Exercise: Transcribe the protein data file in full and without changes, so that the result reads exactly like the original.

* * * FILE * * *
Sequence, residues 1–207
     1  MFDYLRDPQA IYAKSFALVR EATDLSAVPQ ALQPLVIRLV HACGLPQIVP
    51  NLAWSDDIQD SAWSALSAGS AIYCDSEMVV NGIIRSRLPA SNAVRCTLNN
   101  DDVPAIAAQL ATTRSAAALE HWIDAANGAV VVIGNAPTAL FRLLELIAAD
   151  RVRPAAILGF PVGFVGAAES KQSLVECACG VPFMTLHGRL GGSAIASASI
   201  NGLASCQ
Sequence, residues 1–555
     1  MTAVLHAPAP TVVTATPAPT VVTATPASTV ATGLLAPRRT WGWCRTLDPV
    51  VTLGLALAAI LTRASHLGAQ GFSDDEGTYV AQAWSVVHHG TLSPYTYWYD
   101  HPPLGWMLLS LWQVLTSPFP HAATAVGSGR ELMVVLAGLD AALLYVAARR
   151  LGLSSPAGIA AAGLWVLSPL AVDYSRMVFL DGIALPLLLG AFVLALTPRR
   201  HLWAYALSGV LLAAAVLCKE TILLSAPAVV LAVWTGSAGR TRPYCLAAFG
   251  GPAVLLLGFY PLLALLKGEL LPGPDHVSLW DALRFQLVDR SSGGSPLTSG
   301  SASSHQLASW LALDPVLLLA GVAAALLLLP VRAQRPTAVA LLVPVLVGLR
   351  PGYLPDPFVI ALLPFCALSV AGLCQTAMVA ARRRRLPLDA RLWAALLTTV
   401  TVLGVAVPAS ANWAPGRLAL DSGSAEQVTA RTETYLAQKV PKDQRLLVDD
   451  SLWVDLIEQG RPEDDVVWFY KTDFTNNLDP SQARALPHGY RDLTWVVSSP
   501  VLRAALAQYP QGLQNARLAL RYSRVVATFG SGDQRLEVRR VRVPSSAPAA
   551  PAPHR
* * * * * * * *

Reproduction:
Sequence, residues 1–207
     1  MFDYLRDPQA IYAKSFALVR EATDLSAVPQ ALQPLVIRLV HACGLPQIVP
    51  NLAWSDDIQD SAWSALSAGS AIYCDSEMVV NGIIRSRLPA SNAVRCTLNN
   101  DDVPAIAAQL ATTRSAAALE HWIDAANGAV VVIGNAPTAL FRLLELIAAD
   151  RVRPAAILGF PVGFVGAAES KQSLVECACG VPFMTLHGRL GGSAIASASI
   201  NGLASCQ
Sequence, residues 1–555
     1  MTAVLHAPAP TVVTATPAPT VVTATPASTV ATGLLAPRRT WGWCRTLDPV
    51  VTLGLALAAI LTRASHLGAQ GFSDDEGTYV AQAWSVVHHG TLSPYTYWYD
   101  HPPLGWMLLS LWQVLTSPFP HAATAVGSGR ELMVVLAGLD AALLYVAARR
   151  LGLSSPAGIA AAGLWVLSPL AVDYSRMVFL DGIALPLLLG AFVLALTPRR
   201  HLWAYALSGV LLAAAVLCKE TILLSAPAVV LAVWTGSAGR TRPYCLAAFG
   251  GPAVLLLGFY PLLALLKGEL LPGPDHVSLW DALRFQLVDR SSGGSPLTSG
   301  SASSHQLASW LALDPVLLLA GVAAALLLLP VRAQRPTAVA LLVPVLVGLR
   351  PGYLPDPFVI ALLPFCALSV AGLCQTAMVA ARRRRLPLDA RLWAALLTTV
   401  TVLGVAVPAS ANWAPGRLAL DSGSAEQVTA RTETYLAQKV PKDQRLLVDD
   451  SLWVDLIEQG RPEDDVVWFY KTDFTNNLDP SQARALPHGY RDLTWVVSSP
   501  VLRAALAQYP QGLQNARLAL RYSRVVATFG SGDQRLEVRR VRVPSSAPAA
   551  PAPHR